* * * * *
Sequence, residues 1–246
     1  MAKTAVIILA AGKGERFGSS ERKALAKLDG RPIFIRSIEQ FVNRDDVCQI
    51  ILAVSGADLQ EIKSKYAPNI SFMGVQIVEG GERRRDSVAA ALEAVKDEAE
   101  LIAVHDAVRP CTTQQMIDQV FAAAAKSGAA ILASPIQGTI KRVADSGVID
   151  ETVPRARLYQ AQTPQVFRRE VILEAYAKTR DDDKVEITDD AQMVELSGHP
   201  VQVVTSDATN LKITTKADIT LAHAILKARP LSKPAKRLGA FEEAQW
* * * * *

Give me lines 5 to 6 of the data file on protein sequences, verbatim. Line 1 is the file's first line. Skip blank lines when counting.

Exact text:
   151  ETVPRARLYQ AQTPQVFRRE VILEAYAKTR DDDKVEITDD AQMVELSGHP
   201  VQVVTSDATN LKITTKADIT LAHAILKARP LSKPAKRLGA FEEAQW